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France’s far-right party sees ‘exceptional’ support in local elections

France’s far-right party sees ‘exceptional’ support in local elections
Exit polls from the first round of France’s local elections show that the far-right National Front (FN) party has made historic gains, highlighting popular discontent with President François Hollande and his left-wing allies.

According to pollster BVA, FN gained seven percent – a high national tally for the far-right group, as it fielded candidates in 596 out of some 36,000 municipalities across the nation. FN leader Marine Le Pen called the election “exceptional” for the party.

Opposition conservatives saw a major gain, with 48 percent of the Sunday vote, leaving Hollande’s Socialists and their leftist allies behind with 43 percent, BVA said.

The National Front has arrived as a major independent force - a political force both at the national and local level," Le Pen told TF1 television. The daughter of former FN head Jean-Marie Le Pen scored 18 percent in the 2012 presidential election.

Most significantly, the anti-immigration and anti-EU party managed to take over the Socialist bastion of Henin-Beaumont in the north of France. Its candidate, Steeve Briois, took the majority of the vote with 50.26 percent, which makes him the outright winner and mayor of the former coal-mining center.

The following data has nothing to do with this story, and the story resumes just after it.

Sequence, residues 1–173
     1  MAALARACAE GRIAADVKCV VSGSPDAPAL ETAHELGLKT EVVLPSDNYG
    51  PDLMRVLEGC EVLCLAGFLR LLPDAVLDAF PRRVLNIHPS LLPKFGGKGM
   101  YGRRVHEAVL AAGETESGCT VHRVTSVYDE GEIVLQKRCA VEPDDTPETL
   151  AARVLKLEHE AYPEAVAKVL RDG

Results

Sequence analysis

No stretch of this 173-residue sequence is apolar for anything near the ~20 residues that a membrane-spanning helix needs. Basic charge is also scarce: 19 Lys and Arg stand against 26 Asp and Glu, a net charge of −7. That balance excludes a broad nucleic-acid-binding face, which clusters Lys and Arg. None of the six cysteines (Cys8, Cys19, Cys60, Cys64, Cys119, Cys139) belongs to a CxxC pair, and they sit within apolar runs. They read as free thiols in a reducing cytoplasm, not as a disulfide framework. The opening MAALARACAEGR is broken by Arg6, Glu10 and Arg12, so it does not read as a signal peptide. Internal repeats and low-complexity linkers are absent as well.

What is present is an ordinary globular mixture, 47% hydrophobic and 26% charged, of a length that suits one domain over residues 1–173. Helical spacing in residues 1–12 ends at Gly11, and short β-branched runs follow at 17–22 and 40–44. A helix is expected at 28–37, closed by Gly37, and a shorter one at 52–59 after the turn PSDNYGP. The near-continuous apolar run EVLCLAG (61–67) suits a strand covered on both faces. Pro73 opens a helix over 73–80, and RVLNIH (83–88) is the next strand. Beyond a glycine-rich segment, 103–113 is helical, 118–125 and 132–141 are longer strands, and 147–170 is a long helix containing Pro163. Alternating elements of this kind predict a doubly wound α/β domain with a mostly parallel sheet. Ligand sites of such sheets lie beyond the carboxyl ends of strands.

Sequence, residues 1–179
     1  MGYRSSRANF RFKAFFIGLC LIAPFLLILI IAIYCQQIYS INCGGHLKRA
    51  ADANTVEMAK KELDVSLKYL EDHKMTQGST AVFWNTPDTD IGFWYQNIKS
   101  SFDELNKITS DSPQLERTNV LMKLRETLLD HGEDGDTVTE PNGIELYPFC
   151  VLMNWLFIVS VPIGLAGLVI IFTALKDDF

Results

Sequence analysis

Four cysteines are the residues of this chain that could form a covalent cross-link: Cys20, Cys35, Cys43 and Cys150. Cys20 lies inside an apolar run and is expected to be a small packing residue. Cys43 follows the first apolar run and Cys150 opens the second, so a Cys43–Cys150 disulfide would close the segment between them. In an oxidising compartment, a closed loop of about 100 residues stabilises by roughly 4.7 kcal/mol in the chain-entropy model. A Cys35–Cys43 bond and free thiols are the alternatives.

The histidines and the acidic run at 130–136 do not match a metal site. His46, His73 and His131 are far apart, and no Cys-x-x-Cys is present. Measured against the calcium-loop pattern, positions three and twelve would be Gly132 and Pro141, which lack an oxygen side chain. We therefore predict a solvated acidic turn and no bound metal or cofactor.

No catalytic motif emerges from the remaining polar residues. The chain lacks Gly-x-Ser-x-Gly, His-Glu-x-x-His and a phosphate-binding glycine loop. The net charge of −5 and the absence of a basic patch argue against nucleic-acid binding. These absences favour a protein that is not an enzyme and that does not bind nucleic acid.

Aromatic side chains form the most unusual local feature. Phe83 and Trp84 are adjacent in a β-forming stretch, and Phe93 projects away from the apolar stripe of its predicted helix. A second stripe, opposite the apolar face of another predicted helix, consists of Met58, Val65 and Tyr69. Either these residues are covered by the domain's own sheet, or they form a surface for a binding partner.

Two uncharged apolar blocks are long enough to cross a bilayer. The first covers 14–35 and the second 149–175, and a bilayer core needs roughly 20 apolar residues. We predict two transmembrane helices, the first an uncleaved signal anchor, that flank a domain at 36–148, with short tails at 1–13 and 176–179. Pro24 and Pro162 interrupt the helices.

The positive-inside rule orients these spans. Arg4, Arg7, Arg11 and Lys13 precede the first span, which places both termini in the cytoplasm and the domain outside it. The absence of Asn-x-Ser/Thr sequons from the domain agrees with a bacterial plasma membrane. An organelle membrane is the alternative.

Exit polls project the FN is also ahead in the eastern town of Forbach. In the south, the party was in the lead in Avignon, Perpignan, Beziers, and Frejus, and was vying for second place in Marseille, behind the conservative incumbent, Reuters reports.

According to pollsters, about six towns could now see the FN rule following the second round.

Meanwhile, Prime Minister Jean-Marc Ayrault made a television appeal for "all democratic forces" to close ranks against FN candidates next week.

"Wherever the FN is in a position to win the second round, all who support democracy and the Republic have a duty to prevent them," Ayrault said, calling on voters to turn out in greater numbers than for the first round.

Hollande's popularity hit a record low recently, with his approval rating falling below 20 percent for the first time since his May 2012 election, TNS Sofres opinion poll for Le Figaro Magazine showed in February. The record level of disapproval reflected turmoil in his personal life, high levels of unemployment, and lack of economic growth.